Let’s take a closer look at the breaking changes:

  • app.del(): this feature is no longer supported in Express 5, and an error will be thrown if you use this function
    • Solution: use the app.delete() function in place of app.del(); delete is a reserved keyword in JavaScript, so del was initially used instead of delete. In ECMAScript 6, delete and other reserved keywords can now be properly used as property names:
      app.del(‘/user’, (req, res) => res.send(‘user deleted’));
      // Will give deprecation warning in Express v4
      // Will throw TypeError in Express v5
  • app.param(name, fn): this function has been depreciated since v4.11.0, and is not supported by Express 5; its functionality was changed using the app.param(fn) signature
  • req.acceptsCharset(), req.acceptsEncoding(), req.acceptsLanguage() have been pluralized is Express 5
    • Solution: use the following instead: req.acceptsCharsets(), req.acceptsEncodings(), and req.acceptsLanguages()
  • req.param(name): it’s not possible to retrieve form data with this function in Express 5
    • Solution: to retrieve form data, look for the submitted parameter name in the req.params, req.body, or req.query object as shown in the following example:
      app.get(‘/user/:id’, (req, res) => {
        res.send(User.find(req.param(‘id’)));
      });
      // Will give deprecation warning in Express v4
      // Will throw TypeError in express v5 "req.param is not a function"
      
      // Do this instead in v5
      app.get(‘/user/:id’, (req, res) => {
        res.send(User.find(req.params.id));
      });
  • res.json: this signature is not supported by Express 5. (obj, status).
    • Solution: use the res.status(status).json(obj syntax to change the status and then chain it to the res.json() method, like so:
      // Version 4
      app.get(‘/user/:id’, (req, res) => {
        res.json(200, {user: User.find(req.param.id)});
      });
       
      // Version 5
      app.get(‘/user/:id’, (req, res) => {
        res.status(200).json({
          user: User.find(req.param.id)
        });
      });
  • res.send(obj, status): this signature is not supported in Express 5
    • Solution: use res.status(status).send() to set the status and then chain it to the res.send() method, like so:
      // Version 4
      app.get(‘/user/:id’, (req, res) => {
        res.send(200, {user: User.find(req.param.id)});
      });
      
      // Version 5
      app.get(‘/user/:id’, (req, res) => {
        res.status(200).send({
          user: User.find(req.params.id)
        });
      });
  • res.send(status): this signature, where status is an integer, is not supported in Express 5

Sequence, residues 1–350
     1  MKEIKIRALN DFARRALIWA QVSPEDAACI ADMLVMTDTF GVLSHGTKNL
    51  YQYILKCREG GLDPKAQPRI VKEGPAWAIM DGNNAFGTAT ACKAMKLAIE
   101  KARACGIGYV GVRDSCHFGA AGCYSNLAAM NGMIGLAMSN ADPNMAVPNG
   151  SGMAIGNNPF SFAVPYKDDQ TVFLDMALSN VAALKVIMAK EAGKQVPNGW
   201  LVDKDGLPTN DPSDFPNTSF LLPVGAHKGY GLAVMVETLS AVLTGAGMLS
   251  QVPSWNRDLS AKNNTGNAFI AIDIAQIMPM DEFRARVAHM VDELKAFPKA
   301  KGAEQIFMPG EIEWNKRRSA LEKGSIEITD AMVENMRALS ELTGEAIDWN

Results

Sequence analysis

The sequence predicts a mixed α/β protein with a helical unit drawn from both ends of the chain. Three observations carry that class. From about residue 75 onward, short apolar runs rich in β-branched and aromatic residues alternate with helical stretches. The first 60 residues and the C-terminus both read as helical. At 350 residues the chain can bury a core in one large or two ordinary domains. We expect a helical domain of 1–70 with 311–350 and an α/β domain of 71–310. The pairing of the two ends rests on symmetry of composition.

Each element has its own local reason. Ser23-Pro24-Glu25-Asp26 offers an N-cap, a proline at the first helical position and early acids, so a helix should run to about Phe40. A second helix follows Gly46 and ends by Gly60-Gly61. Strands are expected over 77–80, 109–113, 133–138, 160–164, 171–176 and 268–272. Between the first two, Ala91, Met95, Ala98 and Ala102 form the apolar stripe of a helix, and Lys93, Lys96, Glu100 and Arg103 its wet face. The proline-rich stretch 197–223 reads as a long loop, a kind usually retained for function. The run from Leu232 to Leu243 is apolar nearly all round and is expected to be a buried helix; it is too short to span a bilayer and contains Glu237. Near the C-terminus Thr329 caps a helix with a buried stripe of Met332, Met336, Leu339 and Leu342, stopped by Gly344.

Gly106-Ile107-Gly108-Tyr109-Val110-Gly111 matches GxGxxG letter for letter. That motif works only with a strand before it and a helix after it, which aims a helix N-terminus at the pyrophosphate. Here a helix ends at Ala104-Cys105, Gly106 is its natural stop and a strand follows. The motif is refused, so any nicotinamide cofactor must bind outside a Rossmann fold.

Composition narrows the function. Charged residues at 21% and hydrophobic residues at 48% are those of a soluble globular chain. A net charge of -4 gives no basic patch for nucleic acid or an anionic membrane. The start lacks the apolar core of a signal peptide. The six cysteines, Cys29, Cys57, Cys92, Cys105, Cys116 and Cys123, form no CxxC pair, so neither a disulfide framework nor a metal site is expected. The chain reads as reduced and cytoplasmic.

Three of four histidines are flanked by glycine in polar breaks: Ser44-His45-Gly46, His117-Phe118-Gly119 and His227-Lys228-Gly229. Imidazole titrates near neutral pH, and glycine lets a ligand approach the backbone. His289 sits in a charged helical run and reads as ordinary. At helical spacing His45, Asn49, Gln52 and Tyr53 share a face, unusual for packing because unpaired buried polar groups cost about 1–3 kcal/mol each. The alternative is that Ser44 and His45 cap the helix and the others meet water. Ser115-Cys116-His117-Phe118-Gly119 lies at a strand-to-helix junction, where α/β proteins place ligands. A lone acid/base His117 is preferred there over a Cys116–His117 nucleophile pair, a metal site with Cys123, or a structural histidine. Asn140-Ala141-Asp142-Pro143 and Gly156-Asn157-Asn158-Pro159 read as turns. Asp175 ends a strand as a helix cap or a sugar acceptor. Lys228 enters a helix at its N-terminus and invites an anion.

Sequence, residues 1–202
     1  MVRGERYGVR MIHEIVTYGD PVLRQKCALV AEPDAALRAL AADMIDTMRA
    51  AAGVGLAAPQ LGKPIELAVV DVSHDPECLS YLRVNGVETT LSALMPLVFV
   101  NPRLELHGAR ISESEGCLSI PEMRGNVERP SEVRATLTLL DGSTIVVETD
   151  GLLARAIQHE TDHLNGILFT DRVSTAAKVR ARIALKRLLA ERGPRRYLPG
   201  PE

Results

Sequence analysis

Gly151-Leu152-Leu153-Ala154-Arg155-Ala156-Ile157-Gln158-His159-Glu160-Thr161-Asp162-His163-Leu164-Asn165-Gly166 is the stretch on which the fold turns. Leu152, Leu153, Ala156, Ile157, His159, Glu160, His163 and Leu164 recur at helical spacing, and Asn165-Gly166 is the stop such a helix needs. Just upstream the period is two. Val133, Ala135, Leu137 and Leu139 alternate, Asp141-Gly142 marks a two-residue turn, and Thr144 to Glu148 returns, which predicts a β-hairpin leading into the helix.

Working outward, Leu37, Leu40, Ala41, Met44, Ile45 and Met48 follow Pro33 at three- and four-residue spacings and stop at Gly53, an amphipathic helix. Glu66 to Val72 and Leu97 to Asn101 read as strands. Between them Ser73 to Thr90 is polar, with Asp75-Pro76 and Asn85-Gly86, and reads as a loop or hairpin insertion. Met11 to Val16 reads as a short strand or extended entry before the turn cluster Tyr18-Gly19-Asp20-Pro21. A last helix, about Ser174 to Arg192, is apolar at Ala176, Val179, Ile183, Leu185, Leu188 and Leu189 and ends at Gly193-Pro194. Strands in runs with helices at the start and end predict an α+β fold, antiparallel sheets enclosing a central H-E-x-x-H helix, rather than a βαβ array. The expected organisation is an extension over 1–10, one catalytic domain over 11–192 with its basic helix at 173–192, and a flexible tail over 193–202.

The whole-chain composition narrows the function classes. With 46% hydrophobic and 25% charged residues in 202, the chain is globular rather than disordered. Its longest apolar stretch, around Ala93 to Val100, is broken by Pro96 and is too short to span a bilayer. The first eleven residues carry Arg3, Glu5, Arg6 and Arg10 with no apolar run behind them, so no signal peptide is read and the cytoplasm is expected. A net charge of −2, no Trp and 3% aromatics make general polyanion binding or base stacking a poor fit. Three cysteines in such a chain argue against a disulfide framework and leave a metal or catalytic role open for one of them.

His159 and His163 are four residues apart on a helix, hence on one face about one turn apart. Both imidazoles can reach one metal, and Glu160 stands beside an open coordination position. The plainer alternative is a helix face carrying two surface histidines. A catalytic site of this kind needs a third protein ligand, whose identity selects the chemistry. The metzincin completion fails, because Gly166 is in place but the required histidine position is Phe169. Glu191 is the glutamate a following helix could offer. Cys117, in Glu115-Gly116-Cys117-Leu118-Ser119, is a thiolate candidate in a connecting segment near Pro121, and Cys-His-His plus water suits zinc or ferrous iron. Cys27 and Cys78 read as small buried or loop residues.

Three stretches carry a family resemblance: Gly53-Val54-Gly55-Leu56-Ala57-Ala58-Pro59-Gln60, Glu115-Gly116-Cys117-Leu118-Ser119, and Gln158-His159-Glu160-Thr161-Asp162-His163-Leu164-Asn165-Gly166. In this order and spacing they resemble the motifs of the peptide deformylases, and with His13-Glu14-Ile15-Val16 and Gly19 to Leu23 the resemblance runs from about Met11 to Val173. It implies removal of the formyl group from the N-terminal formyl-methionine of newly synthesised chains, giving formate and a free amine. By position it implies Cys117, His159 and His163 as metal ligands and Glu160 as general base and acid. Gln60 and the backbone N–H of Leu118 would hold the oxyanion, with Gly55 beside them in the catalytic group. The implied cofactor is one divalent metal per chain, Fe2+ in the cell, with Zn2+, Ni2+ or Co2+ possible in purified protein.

• Solution: use the res.sendStatus(statusCode) function, which delivers the text version of the HTTP response header status code, such as “Not Found” or “Internal Server Error”; if you need to send a number using the res.send() function, use quote marks to convert it to a string – otherwise, Express 5 may think you’re trying to use an unsupported old signature
      // Old method
      res.send(status)
          
      // Version 5
      res.sendStatus(statusCode)

Migrating an Express 4 application to Express 5

Migrating your Express 4 application to Express 5 is not as big of a lift as you may think.

To get started, move into the root directory of your project and install Express 5 using the following command:

npm install "[email protected]>=5.0.0-beta.1" --save

This command will update your project dependencies and also update the package.json file.

Next, rebuild the project or rerun your tests to determine if anything failed. Use the updates covered in this tutorial to fix any issues that may have occurred.

If you’d like to update any other npm packages in the project, run the npm outdated command. This will enable you to see other packages in your project that need to be updated. Then, update them using the npm update command.

Express v5 web app demo

To demonstrate what we’ve learned so far about Express 5, let’s create a demo todo application using the Express 5 syntax.

To get started, create a new folder for the application, like so:

mkdir express-5-demo && cd express-5-demo

Then, initialize a new Node.js project:

npm init -y

The above command will generate a package.json file. Open the file and add a start script:

{
  ...
  "start": "node index.js"
}

Install dependencies

Now, install Express 5 and other required packages for this application with the following command:

npm i [email protected] body-parser

Wait for the installation to finish before continuing. Once you’re certain that the installation is complete, create an index.js file in the project’s root directory, and set up a basic Express server using the following code snippet:

const express = require("express");
const app = express();  
app.listen(3000, ()=>console.log("Express server running on port 3000"));

Create routes

With the Express server configured, let’s create some basic routes for the application. Update the index.js file with the following code snippets:

  const todos = [{